Generally, for those of us lucky enough to live in first-world countries, life generally plods along in a rather routine way. We get up, do the stuff we have to, then go to bed. The excitement usually comes from whatever TV show/movie/video game we’re watching.
However, on occasion, life takes a hard turn, slaps us in the face and says, “What are you gonna do now?” One year ago, I had such a moment when I got Covid, passed out, and woke up with a severely broken leg that would require surgery, but which left me untouchable until the virus passed. It would be three weeks before a surgeon would re-break my leg and attach a titanium plate along with eleven screws, which sometimes makes me feel like I might be related to Oz’s Tin Man. Clearly, nothing was the least bit normal. I was in bed for months. I was completely helpless. I couldn’t prepare food or bathe myself. I had to learn to walk again.
When you’re staring at four walls, you tend to think a lot. I kept recalling that old commercial saying: Life comes at you fast! I learned that seemingly insignificant decisions can have a huge impact. Had I not gotten out of bed that night, I would have recovered from Covid and been bouncing around as usual after a few weeks. Instead, I would not feel like myself for almost nine months and I will carry my metal bits as a reminder for the rest of my life.
During my convalescence, I reflected on other moments when a snap decision put me in eminent danger. One time that sticks out happened in my early twenties, when I went skiing in Switzerland. I’d grown up on the slopes in New Jersey and New York, but skiing in the Alps was a whole different sport.
The lift dropped me above the tree line, and I faced a vast, mountaintop field of fresh snow. It was delightful until I saw the trees below. Other skiers funneled into what appeared to be small trails, disappearing into the pines. I followed them, but the tracks were only about ten-feet wide, which might be okay for a leisurely walk in the woods, but not so much for an average skier heading rapidly downhill.
The snow was deep and fresh, powder flying. But then the trail split in two ahead and I had to pick one. I skied to the right and the narrow track quickly disappeared. I hurtled into the woods. Suddenly, I came to a dead stop, up to my chest in snow. I blinked and tried to get out, but couldn’t move. Muted quiet assaulted me. I guessed the rest of the skiers had taken the other route. Irrationally, I attempted to lift my skis, but the snow held them down. I couldn’t turn around. Surrounded by trees and silence and snow, I started to panic. Would someone come my way soon or would they find me the next spring as I thawed from an icy tomb?
Then, I felt one foot slip backwards slightly. It was only an inch or two, but my ski had clearly moved. I took a breath to calm myself, then tried moving my other foot. Again, the ski slid back, but only a little. I found that I could move in only one direction—backward—and only in tiny increments.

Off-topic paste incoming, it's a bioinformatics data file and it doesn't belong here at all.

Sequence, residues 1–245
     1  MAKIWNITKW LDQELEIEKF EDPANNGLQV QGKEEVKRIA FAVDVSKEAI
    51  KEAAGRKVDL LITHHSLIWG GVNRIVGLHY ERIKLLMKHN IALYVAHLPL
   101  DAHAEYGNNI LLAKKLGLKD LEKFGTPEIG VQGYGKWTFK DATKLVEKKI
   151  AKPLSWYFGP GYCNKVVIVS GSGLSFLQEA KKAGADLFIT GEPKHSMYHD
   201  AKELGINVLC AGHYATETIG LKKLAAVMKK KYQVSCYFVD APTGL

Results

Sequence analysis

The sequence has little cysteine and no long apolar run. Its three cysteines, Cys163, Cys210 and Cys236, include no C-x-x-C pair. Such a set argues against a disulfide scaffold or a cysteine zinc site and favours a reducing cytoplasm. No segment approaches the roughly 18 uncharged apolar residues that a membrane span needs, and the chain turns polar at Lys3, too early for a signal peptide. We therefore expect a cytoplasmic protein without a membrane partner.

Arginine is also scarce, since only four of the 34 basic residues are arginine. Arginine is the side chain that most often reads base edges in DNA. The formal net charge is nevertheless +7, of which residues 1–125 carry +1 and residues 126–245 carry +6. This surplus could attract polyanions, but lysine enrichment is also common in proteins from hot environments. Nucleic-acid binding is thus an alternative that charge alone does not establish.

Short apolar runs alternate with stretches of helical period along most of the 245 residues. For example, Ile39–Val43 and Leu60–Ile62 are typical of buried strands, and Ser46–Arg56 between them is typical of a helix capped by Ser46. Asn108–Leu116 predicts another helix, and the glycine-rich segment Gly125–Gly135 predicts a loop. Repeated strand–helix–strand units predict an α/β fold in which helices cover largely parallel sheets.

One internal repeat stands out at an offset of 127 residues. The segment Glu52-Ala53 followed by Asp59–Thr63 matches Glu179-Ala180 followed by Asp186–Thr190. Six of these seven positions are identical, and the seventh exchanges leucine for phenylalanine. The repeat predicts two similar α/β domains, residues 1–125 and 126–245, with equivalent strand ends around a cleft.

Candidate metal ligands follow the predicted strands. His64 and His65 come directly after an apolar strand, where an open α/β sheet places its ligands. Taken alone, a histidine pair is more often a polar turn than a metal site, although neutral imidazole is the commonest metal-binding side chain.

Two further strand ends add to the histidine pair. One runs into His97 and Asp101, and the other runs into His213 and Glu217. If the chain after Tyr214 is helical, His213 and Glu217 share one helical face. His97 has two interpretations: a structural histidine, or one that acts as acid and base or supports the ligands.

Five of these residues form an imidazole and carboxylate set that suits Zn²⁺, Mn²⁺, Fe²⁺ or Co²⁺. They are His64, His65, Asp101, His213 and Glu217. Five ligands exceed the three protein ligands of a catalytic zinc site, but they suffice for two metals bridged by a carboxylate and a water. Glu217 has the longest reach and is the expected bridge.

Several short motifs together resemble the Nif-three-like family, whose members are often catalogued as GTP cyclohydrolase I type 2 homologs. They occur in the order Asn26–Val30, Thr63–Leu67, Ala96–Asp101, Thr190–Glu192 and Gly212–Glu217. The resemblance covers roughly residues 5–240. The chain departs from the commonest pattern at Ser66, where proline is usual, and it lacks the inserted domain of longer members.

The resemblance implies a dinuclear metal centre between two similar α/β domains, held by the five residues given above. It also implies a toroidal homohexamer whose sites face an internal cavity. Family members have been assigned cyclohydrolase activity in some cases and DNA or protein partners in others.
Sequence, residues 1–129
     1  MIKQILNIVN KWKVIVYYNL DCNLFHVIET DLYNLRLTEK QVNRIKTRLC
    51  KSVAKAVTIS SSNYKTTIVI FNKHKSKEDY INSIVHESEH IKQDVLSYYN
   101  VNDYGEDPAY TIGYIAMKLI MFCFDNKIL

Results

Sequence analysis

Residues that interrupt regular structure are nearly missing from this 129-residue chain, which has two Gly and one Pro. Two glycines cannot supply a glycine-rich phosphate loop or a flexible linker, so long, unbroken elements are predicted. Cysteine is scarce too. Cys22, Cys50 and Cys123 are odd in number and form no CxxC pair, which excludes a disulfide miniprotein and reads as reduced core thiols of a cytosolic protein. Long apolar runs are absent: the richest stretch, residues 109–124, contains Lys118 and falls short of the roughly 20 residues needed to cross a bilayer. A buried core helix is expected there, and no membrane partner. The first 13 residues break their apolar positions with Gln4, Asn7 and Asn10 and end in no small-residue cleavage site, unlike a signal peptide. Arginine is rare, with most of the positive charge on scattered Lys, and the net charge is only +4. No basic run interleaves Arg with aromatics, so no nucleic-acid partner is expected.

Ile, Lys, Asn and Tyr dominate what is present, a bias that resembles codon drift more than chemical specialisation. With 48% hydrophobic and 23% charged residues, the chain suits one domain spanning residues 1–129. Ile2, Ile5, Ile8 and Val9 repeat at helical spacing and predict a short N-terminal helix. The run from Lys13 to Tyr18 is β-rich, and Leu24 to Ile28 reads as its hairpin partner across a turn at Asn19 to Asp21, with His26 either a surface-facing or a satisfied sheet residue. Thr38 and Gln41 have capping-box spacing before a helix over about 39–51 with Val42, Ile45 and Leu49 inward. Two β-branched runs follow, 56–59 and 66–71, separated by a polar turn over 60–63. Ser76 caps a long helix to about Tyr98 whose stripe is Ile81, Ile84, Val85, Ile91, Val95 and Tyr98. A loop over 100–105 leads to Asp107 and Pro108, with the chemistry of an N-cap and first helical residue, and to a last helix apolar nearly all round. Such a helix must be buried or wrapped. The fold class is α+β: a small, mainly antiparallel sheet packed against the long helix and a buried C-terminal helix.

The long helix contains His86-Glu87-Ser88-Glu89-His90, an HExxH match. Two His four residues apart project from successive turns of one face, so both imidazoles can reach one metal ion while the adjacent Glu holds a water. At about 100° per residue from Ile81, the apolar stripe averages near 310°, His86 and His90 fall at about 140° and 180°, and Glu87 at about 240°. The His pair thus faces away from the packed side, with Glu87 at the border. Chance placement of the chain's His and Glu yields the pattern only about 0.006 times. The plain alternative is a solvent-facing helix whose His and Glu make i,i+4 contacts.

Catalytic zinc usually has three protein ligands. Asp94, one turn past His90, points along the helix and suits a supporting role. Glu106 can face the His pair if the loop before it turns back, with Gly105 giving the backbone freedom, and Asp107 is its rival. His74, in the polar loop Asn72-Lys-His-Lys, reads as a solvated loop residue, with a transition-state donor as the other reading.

I don’t recollect how long it took me to get out or how I made my way back to the correct trail. I do recall not being the least bit cold. No doubt the panic and exertion kept me warm. And, I can still vividly remember the euphoria I felt when the snow finally released me from its grip and I knew I would live.
I have had other close calls over the years. A narrow, underwater lava tube one-hundred feet below the sea’s surface where I found myself scuba diving without a light or the ability to turn around comes to mind, as does a ride over an equestrian show-jumping course—a place I was completely unqualified to be—where the horse magically sprung over rails and water obstacles, while I clung to the poor creature’s mane using a death grip.
Yes, I’ve been a dope a few times in the past, and I realize how fortunate I was not to end up, well…dead. Still, I must confess, I might be apt to do more dumb things in the future.
That which does not kill me and all.
The past and present collide when a tenacious reporter seeks information on an eleventh century magician…and uncovers more than she bargained for.
February 2, 2022
In 1939, archeologists uncovered a tomb at the Northern Arizona site called Ridge Ruin. The man, bedecked in fine turquoise jewelry and intricate bead work, was surrounded by wooden swords with handles carved into animal hooves and human hands. The Hopi workers stepped back from the grave, knowing what the Moochiwimi sticks meant. This man, buried nine hundred years earlier, was a magician.
Former television journalist Kate Butler hangs on to her investigative reporting career by writing freelance magazine articles. Her research on The Magician shows he bore some European facial characteristics and physical qualities that made him different from the people who buried him. Her quest to discover The Magician’s origin carries her back to a time when the high desert world was shattered by the birth of a volcano and into the present-day dangers of archeological looting where black market sales of antiquities can lead to murder.
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